- “Does the customer have the right expectations?” Contracts are not only about legalities, but also about defining what the business will provide the customer, when, and how. These provisions, while they should be reviewed by counsel, may be reasonable for a CPA who has represented a business owner client for many years to discuss in a nonlegal manner with the client. The goal is that the agreement set forth in understandable language what the customer will receive.
Several of these points are explained in more detail below.
Liability and “Hold Harmless”
A typical “hold harmless and indemnify” clause will state that the service or product provider will not be responsible for liabilities that could normally arise unless the company has been grossly negligent or engaged in willful misconduct. Most customers have no problem with this type of provision, which makes it much more difficult for them to sue. State law may require that such provisions be in a separate agreement, that there be a discussion of the provision, or that the customer initial next to the provision.
Requiring arbitration may also be advisable, as arbitrators are normally much less sympathetic and naïve than a jury can be. Someone filing for arbitration will typically have to pay $10,000 or more as a filing fee, plus an hourly fee for the arbitrator. In the standard court system, there is a risk of getting a poor judge; with arbitration, both sides receive a list of arbitrators to elect or strike, which normally leads to getting a good arbitrator or arbitrators. Make sure that the client’s lawyers and insurance carrier agree that arbitration is the best forum for when a customer might sue, or limit the circumstances as to when it will be required.
A business should also be concerned with its customers’ insurance coverage. Anyone who sues the customer is also going to sue the business that does work for the customer that is related to the case. Make sure that the contract specifies that the customer has informed the business that it has the proper coverage, and confirm that information. If the customer does not have the necessary insurance, language in the contract specifying that such lack is a violation of the agreement will protect the business.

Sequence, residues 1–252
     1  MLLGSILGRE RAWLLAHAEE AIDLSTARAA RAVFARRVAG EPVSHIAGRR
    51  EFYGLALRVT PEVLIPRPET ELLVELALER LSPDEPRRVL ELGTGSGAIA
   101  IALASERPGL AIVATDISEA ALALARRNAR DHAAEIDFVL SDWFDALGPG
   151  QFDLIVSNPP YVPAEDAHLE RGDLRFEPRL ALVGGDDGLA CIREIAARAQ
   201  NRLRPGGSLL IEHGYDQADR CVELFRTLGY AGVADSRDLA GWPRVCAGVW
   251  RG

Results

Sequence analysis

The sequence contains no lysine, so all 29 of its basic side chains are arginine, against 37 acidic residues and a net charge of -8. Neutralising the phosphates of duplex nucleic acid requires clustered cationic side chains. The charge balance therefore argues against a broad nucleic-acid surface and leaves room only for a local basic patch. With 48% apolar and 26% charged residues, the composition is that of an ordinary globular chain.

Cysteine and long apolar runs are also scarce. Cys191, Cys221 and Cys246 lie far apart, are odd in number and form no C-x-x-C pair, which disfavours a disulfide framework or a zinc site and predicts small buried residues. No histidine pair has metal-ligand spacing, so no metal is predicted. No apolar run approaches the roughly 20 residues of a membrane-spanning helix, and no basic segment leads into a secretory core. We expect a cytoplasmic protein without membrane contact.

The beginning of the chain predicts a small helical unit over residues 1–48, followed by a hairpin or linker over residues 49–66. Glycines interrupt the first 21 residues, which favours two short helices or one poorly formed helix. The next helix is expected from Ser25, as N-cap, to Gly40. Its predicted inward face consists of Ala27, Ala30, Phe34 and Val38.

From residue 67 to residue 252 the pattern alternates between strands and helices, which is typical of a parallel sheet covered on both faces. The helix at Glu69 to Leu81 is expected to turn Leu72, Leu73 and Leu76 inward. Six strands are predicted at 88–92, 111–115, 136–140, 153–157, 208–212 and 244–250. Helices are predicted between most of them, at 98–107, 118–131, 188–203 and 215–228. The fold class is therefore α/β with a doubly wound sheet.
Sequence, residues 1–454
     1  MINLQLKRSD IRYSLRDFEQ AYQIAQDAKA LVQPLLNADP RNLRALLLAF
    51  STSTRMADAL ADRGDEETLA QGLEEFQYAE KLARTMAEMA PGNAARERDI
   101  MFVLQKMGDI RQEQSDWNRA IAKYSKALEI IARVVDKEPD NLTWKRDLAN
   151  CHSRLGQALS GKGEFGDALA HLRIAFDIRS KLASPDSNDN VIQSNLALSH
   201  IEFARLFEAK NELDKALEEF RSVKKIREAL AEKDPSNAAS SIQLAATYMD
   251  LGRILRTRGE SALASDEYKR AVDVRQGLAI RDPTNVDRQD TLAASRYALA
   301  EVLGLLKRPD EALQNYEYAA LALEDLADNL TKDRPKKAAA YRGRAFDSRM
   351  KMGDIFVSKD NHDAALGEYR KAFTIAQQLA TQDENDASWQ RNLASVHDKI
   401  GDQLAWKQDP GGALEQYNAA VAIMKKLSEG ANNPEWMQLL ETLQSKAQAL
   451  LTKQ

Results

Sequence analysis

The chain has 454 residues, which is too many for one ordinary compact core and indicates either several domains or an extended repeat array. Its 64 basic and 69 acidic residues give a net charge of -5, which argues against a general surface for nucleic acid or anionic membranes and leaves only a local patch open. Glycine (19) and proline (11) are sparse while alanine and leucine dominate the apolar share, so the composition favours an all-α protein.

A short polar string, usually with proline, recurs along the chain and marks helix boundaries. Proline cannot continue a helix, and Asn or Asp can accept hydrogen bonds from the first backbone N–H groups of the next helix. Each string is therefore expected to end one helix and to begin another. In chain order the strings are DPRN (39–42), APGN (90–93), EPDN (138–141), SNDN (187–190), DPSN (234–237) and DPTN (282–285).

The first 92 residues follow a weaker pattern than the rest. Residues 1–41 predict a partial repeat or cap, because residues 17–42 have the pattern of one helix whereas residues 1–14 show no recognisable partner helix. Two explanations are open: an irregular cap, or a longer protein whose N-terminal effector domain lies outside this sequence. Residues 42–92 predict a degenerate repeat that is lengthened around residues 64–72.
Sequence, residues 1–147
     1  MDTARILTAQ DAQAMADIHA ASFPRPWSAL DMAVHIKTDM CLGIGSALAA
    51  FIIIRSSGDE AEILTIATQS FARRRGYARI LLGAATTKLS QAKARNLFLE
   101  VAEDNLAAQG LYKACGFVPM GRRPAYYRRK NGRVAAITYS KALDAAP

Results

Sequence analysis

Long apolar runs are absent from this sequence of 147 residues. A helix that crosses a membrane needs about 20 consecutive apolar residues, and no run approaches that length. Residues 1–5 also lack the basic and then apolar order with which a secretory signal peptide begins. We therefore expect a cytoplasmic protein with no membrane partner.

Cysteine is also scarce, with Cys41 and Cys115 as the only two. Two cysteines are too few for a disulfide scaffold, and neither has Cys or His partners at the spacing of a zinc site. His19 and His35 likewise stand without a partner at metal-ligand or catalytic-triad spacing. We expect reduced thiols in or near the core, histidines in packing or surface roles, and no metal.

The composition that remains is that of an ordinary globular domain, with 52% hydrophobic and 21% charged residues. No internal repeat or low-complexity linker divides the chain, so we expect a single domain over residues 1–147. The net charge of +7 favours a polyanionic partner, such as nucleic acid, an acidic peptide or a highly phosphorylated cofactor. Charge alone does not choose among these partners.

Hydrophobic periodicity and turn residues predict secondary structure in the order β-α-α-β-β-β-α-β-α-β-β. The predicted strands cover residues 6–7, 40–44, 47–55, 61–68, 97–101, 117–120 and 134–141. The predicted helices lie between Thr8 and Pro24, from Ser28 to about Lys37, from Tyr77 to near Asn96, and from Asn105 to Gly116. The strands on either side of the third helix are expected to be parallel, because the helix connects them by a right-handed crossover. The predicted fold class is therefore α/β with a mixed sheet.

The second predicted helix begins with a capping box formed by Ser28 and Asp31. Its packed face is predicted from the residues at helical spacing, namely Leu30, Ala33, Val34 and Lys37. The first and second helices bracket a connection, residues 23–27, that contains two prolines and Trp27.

The contract can also outline expectations. Eighty percent of problems come from 20% of sources, so it is important to identify customers who may be a problem. One way to identify them is to make sure that the contract requires them to affirm what they are supposed to do and what they must forgive if something does not go as expected. This is a good precaution; if a customer sees the provisions and objects vehemently, it might not be worth doing business with. Sometimes salespeople can be overzealous, so requiring them to cover contractual disclosures and provisions in the sales process can help ensure that customers are well informed and not misled.
Outlining terms and expectations at the outset is ubiquitous in the business world, but the practice does not receive enough attention from many CPAs and clients. If something goes wrong, the client will want to be able to pull the agreement out of the customer’s file and ensure that it did everything possible to protect the business. Today’s business environment is more litigious than even 15 years ago. Businesses should consult with their financial and legal teams to ensure that the right bases are covered.
Ask, Don’t Assume
CPAs are often the first and only professional advisor many small or closely held business owners meet with. Broadening client discussions to a wide range of business-related topics, such as the issue of customer contracts discussed herein, can add value to the relationship and help clients identify issues they would otherwise ignore.